According to Biblical legend, Roman senator Lucius Junius Gallio Annaeanus sentenced Andrew the Apostle to death by crucifixion in Achaea (Greece). Andrew supposedly didn’t feel himself worthy to be crucified on the same type of cross as Jesus Christ, and the fair-minded Lucius had him bound to an X-shaped cross (crux decussata) instead.
Centuries later, Óengus mac Fergusa, King of the Picts, is said to have selected the saltire as the emblem of Scotland following a successful battle against the Angles (and a vision of the crux decussata in the sky).
Having its roots in a story about St. Andrew’s feelings of unworthiness, the saltire seems an appropriate symbol for a people afflicted by the ‘Scottish cringe‘. Many a self-proclaimed Proud Scot resists the idea the people of Scotland have the wit or resources to govern themselves
In December, production artwork for an upcoming animation will be on display at the Northlight Gallery in Stromness. This work was created for a short film from The Orkney News called A Gude Cause Maks A Strong Erm. Researched and written by Fiona Grahame, it tells the largely forgotten story of the Orcadian Woman’s Suffrage Society. The project received funding from the Scottish Government’s Centenary Fund celebrating 100 years of women having the vote.
The Orcadian Woman’s Suffrage Society was a peaceful, non-party political organisation, open to both men and women. The title of the animation, A Gude Cause Maks A StrongErm, comes from one of the banner slogans which the Suffragists used on marches.
This exhibition is taking place in association with St. Andrew’s Fair Saturday. Fair Saturday falls on the last Saturday of November (following the consumerist Black Friday). A wide variety of events in support of positive social change are taking place across the globe. The events calendar can be viewed on the Fair Saturday website (link).
The quote, “What you don’t have, you don’t miss,” comes from an interview with Edwin Harrold’s former neighbour Ruby Spence, as outlined here.
Edwin Harrold was by all accounts quite a character. He lived a simple life at Bankburn Cottage off Bigswell Road, Stenness, in the West Mainland of Orkney. There he re-routed the Russadale Burn to power a small hydro-electric system to cover his modest electrical needs.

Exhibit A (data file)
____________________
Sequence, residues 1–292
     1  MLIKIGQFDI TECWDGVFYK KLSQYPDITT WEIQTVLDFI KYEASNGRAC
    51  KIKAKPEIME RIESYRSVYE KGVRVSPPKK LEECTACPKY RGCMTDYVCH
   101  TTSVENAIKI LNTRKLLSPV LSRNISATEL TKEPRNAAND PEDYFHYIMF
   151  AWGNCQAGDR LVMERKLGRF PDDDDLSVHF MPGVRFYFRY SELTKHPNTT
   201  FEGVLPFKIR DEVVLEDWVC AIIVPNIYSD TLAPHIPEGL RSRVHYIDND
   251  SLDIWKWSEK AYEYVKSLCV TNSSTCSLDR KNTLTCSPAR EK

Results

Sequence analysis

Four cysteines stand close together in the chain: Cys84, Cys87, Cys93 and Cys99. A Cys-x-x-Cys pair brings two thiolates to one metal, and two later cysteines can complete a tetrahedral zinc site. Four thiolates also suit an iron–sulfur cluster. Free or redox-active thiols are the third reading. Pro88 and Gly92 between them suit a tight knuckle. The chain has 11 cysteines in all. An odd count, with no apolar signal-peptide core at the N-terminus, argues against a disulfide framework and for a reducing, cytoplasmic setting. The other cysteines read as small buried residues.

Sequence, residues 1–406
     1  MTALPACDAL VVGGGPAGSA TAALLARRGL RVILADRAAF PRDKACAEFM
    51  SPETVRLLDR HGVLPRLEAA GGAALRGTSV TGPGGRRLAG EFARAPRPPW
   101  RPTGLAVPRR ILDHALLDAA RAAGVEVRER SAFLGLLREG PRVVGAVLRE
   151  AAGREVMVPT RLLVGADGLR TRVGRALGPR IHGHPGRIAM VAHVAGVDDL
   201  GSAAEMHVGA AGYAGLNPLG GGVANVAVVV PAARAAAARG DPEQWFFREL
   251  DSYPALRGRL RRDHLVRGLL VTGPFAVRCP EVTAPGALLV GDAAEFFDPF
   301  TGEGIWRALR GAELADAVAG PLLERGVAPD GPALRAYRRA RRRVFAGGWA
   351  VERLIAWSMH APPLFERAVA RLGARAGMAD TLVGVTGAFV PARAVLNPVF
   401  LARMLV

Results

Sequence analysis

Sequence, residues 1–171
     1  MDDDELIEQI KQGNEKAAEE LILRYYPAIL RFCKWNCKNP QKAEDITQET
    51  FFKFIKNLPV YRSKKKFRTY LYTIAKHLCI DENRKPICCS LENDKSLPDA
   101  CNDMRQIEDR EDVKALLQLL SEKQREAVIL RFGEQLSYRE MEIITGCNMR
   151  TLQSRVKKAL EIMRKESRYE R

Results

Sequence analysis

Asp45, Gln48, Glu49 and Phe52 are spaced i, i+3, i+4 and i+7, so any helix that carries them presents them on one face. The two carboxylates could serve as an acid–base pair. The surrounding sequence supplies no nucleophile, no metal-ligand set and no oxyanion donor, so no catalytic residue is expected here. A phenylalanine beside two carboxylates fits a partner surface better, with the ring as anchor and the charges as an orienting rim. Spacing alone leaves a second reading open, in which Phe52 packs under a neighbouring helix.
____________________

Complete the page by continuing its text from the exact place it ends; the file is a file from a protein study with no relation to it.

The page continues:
The area around Edwin’s house was landscaped to create a small woodland escape of a kind which is uncommon in Orkney. Visitors were welcome, and the magical-sounding Happy Valley no doubt left a lasting impression on many a young Orcadian.
Happy Valley is now maintained by the Friends of Happy Valley, a charitable organisation.
For more on Edwin Harrold’s life and work, read this months iScot magazine.
Egilsay is a small, sparsely populated island in Orkney, where the people seem to be heavily outnumbered by the horse-flies. There are a few small farms which face an uncertain future as Brexit threatens the EU farming subsidies they depend on for survival. Part of Egilsay is a protected habitat for the Corncrake, and this has also received EU funding.
It was on Egilsay that the peaceful, kind Magnus Erlendsson was murdered by his violent cousin Haakon Paulsson in a power struggle over the Earldom of Orkney. Magnus was killed around 1116AD, and canonised in 1136AD – a short turnaround for sainthood. St Magnus Church was built in his honour sometime in the 12th Century, possibly on the site of an older church. With a distinctive round tower, it is the dominant landmark on Egilsay.
An obelisk marks the site of Magnus’ execution, on a grassy sward not far from the church which was supposedly a barren landscape before his death. It is surrounded by fields of nesting birds. Signposts bearing the symbol of the St. Magnus Way mark access. The majority of pilgrims have four legs.